The ninth edition of this book is arguably the most comprehensive of similar texts covering human resources. It combines theory and best practice, using excellent examples from the business world.
Subjects range from the impact and context of human resource management, through HR processes, organisational issues, reward, development and employee relations to computerised HR systems. It has new chapters on talent management, e-learning and facilitating change.
The only omission seems to be in ethics and HR. It refers to ethics on a few occasions and mentions the Chartered Institute for Personnel and Development code on professional conduct, but ethics is such a hot topic that perhaps the subject needs a chapter of its own.
The book consists of 59 chapters divided into 12 parts, grouped thematically, all easily readable and clear of jargon. It does not compromise on academic rigour but makes excellent use of headings, tables and diagrams to support content and aid comprehension.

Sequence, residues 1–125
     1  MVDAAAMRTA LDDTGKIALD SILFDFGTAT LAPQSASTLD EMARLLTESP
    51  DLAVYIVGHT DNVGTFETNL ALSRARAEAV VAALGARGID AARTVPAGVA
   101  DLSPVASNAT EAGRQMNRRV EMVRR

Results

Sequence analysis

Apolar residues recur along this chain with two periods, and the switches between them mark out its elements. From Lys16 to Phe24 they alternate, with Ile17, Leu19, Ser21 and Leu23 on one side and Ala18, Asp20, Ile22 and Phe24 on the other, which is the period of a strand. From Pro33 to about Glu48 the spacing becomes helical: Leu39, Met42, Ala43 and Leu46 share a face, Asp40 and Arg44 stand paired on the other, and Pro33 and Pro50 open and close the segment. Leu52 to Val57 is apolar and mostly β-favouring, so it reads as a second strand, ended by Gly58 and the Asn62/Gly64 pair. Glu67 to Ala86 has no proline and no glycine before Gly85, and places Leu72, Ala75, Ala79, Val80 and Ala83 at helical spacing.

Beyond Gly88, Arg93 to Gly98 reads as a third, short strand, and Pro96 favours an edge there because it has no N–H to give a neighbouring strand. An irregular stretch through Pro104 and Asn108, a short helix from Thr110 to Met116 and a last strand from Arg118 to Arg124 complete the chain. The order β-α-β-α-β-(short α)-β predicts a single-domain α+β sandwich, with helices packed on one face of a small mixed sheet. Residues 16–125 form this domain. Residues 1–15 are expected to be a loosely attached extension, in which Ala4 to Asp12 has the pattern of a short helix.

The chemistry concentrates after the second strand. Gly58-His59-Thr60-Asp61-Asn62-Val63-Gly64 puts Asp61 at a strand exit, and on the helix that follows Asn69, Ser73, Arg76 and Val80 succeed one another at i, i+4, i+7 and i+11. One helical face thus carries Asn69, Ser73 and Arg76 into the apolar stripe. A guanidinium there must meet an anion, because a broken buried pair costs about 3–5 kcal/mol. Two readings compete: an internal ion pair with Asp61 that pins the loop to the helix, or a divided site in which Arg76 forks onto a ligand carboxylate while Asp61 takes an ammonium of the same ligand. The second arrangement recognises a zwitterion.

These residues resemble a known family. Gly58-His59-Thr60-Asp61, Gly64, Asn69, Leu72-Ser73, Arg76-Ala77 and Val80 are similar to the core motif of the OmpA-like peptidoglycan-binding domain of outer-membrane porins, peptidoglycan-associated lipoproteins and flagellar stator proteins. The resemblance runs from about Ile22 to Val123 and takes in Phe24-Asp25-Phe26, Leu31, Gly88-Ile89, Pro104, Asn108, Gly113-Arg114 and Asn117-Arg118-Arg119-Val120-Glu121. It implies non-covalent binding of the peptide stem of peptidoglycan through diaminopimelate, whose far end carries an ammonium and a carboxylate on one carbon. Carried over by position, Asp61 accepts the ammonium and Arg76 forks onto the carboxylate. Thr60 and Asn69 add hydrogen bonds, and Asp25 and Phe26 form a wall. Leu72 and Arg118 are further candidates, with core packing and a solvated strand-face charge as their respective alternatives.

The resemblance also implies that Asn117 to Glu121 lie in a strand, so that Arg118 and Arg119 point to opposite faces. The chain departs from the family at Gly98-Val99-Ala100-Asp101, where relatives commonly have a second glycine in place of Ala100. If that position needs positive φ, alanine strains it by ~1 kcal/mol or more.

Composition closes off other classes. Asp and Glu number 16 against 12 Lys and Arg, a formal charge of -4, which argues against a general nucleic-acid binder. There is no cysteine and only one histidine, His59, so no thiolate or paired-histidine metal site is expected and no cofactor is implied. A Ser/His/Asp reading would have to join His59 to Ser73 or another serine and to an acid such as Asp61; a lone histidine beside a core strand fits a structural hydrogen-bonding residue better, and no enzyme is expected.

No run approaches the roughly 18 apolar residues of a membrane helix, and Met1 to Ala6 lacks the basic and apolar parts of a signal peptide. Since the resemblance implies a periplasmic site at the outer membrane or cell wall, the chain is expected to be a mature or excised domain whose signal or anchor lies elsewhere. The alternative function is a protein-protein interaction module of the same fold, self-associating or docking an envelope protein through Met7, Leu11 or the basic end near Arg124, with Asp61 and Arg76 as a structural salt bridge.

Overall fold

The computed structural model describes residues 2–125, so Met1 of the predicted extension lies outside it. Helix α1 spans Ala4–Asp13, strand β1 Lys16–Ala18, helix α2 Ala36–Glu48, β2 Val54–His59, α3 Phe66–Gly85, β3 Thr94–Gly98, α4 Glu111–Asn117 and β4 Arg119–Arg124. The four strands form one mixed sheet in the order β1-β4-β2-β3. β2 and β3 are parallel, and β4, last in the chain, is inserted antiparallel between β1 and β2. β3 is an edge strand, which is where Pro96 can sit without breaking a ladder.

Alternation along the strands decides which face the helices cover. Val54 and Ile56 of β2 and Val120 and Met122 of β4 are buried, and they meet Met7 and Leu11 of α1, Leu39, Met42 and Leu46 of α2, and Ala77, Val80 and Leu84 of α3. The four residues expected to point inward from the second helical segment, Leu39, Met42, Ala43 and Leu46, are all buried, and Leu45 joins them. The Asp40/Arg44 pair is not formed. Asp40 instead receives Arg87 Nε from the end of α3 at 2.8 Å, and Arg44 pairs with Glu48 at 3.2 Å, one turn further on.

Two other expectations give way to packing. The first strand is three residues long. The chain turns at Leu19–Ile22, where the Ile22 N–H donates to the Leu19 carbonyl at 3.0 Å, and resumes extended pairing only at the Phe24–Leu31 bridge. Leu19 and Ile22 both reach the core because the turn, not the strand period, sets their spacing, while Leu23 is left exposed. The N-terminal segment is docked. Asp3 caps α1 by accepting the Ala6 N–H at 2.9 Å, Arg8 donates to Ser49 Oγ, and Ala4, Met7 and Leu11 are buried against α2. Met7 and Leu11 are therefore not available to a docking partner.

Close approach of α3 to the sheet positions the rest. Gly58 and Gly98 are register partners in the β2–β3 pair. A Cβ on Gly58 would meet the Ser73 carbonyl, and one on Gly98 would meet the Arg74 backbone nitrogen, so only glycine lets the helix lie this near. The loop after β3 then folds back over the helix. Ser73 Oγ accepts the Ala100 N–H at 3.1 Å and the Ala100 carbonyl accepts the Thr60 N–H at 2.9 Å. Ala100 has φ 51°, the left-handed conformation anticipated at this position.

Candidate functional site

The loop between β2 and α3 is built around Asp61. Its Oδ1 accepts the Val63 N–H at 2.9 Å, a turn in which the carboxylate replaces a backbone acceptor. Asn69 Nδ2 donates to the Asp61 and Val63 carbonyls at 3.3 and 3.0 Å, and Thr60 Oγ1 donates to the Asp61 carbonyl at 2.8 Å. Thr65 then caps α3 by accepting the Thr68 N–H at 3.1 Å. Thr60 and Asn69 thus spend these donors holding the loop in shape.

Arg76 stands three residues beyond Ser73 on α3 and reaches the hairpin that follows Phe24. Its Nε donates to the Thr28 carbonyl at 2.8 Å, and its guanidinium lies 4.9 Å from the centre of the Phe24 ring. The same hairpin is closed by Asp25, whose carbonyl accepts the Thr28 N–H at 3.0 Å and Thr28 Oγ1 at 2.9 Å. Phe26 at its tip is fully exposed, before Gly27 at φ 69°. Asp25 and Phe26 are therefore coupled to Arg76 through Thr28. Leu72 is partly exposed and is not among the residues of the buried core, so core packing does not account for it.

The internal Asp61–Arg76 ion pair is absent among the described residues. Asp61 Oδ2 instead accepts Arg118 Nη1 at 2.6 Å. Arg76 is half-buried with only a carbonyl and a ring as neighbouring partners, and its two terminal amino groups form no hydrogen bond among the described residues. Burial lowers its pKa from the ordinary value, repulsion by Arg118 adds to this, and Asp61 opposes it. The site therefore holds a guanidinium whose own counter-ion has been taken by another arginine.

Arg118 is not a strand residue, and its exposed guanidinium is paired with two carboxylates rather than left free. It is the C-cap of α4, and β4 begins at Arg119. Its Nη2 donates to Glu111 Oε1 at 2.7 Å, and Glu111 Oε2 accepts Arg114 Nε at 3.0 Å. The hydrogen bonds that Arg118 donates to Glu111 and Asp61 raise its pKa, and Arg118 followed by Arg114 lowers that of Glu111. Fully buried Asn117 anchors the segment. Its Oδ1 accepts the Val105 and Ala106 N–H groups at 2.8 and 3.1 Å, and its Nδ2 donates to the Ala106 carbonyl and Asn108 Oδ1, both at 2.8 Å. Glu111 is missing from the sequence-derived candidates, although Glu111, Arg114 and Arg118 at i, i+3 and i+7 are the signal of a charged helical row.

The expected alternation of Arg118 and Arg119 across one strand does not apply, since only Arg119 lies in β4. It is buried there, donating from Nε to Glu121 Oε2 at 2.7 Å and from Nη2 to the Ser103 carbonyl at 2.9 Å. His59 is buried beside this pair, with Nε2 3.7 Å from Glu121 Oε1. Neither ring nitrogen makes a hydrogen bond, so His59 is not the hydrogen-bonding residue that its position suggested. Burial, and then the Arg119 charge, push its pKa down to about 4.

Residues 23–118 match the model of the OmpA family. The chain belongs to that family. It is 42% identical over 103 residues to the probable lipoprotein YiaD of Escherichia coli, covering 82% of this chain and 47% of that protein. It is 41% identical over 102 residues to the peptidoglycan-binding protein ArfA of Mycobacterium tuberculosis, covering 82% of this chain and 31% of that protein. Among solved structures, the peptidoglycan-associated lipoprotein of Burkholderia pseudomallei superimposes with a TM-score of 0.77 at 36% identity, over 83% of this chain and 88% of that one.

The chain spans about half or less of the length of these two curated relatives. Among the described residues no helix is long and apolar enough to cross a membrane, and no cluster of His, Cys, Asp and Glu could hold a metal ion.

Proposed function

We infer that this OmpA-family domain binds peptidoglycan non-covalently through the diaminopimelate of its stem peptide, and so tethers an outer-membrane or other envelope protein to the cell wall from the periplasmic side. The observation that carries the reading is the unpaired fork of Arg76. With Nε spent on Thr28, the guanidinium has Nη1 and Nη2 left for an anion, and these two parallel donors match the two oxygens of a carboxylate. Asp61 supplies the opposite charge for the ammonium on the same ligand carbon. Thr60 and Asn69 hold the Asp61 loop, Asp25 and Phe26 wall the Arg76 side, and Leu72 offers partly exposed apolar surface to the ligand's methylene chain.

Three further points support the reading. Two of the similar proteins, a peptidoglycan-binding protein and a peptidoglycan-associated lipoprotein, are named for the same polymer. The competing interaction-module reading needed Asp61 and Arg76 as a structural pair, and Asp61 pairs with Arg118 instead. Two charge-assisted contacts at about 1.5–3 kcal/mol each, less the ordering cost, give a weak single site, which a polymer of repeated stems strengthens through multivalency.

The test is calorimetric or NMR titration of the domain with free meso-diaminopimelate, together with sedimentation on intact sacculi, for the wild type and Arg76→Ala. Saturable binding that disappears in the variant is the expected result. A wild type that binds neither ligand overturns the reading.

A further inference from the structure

The text is student focused and sufficiently flexible to appeal to a range of experiences. Final-year undergraduate students will find the content relevant and challenging. Postgraduate students should find the text particularly meets their needs.
But practitioners and non-HR specialist line managers will also find the content exceptionally useful in increasing their knowledge of the subject and in giving clear guidelines for accepted good practice. As such, Michael Armstrong could well be offering the definitive text in the field.
Also offered is an invaluable CD-Rom for lecturers containing hundreds of PowerPoint slides that complement the chapters. All in all, an excellent book.
Richard Underwood is senior lecturer in human resource management, Wolverhampton University.
A Handbook of Human Resource Management Practice
Author - Michael Armstrong
Publisher - Kogan Page
Pages - 980
Price - £32.50
ISBN - 0 7494 4105 4